Before the advent of the Rivet craft, those venturing into the swamps relied on a marsh craft patented in 1947 by Frank Reynolds. The Reynolds amphibian was originally used in seismic survey work in the open marshes. Its design was not suitable for hauling heavy loads or for movement through swampy areas. In the 1950s this craft was adapted for limited pipeline work by attachment of a small crane to a set of Reynolds-type pontoons. Other modifications included the addition of a backhoe and the reduction of the vehicle's size, both in an effort to avoid damage caused by tree stumps encountered in the swamps.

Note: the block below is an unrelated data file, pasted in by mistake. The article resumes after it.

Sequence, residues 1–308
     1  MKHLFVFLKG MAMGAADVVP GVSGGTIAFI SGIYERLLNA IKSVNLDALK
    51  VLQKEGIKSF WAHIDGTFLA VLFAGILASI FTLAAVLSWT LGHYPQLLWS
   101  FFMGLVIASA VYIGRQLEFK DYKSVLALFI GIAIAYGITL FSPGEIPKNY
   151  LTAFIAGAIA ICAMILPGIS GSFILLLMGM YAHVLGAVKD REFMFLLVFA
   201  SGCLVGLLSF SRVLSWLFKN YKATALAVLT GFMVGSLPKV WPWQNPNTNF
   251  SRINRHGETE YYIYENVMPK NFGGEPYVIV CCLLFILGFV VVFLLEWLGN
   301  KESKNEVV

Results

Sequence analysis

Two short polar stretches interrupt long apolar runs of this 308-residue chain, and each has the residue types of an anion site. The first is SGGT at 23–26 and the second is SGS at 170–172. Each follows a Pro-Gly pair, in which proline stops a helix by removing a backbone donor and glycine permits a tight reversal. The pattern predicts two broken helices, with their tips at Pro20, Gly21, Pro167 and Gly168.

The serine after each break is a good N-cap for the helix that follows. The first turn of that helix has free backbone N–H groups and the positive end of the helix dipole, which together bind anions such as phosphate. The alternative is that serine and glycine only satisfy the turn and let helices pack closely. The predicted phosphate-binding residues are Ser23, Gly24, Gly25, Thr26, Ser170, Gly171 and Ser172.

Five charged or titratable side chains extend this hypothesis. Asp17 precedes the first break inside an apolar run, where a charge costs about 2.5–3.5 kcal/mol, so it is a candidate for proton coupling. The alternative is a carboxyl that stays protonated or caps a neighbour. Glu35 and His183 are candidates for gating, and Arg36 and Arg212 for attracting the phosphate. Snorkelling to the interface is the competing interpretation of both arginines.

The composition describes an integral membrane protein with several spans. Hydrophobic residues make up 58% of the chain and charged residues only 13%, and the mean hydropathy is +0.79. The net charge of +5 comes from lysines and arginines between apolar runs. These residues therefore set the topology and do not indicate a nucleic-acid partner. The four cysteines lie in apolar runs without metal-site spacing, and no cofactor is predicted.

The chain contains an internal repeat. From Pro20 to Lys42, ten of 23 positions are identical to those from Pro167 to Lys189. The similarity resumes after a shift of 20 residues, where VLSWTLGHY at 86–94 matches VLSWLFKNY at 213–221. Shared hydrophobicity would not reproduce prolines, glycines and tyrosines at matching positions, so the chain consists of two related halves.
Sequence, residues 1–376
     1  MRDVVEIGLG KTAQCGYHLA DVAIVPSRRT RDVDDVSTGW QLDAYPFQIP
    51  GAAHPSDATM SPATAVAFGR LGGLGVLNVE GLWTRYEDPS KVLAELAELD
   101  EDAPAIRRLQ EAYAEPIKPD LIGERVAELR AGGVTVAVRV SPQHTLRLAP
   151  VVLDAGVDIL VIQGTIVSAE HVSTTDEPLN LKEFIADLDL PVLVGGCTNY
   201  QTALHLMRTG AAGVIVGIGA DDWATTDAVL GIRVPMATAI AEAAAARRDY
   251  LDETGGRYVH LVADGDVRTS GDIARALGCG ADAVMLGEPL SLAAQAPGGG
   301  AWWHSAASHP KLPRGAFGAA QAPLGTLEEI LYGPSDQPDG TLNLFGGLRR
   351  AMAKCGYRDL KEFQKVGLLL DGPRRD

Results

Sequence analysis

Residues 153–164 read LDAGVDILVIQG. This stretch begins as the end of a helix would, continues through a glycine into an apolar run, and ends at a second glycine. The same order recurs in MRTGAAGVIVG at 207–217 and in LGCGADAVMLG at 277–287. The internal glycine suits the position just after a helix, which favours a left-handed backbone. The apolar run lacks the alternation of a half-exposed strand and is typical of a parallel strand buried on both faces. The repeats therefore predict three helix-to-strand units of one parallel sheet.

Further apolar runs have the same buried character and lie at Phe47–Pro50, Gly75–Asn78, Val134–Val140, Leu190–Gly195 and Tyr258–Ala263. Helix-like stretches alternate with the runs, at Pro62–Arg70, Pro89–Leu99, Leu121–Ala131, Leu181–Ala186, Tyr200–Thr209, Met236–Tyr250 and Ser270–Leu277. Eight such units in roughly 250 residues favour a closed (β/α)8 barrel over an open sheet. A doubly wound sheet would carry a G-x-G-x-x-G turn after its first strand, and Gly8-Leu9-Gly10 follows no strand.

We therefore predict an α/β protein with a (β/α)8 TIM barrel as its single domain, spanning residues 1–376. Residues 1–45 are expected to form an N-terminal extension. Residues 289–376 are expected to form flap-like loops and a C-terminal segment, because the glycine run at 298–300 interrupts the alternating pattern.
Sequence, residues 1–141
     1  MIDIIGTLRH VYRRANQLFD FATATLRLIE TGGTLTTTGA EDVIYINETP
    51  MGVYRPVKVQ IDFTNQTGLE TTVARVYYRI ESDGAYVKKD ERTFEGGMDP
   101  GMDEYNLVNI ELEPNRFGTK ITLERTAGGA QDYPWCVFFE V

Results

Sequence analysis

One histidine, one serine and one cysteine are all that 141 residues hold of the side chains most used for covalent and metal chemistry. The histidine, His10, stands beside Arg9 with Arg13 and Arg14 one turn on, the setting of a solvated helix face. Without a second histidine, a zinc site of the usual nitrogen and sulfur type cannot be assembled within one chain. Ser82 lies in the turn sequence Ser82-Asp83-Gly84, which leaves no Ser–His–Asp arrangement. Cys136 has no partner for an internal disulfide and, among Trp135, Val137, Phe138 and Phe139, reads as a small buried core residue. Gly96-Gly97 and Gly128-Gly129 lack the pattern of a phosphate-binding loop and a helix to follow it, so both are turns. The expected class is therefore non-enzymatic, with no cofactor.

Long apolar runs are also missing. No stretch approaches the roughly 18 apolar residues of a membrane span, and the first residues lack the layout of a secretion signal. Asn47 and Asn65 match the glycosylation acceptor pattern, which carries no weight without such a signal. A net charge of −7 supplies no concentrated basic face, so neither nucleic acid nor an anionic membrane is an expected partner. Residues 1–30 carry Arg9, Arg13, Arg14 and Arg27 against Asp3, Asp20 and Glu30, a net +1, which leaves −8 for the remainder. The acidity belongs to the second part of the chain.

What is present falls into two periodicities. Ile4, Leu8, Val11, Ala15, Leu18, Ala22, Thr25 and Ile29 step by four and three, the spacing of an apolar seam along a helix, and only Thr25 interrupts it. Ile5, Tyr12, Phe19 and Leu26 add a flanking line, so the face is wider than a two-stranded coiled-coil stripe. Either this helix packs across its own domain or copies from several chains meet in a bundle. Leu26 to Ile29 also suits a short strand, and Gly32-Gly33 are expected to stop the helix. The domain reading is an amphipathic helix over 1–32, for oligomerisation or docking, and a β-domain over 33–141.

Despite the adaptations, the Reynolds buggy could not make the transition from treeless marshes to treed swamps, and it could not carry heavy loads without frequent mishaps. Pipeline workers sought to navigate the swamps by "matting," a procedure using huge timber mats to support earthmovers which cleared away the tree stumps. The process was slow, cumbersome and expensive. The mats had to be moved to each new location and, not infrequently, the equipment would slip off the mats and sustain damage. The name of the game was damages and delay. Even with this costly workover of the swamps, the Reynolds craft would break down often, making back-up units necessary to prevent expensive immobilization of construction crews.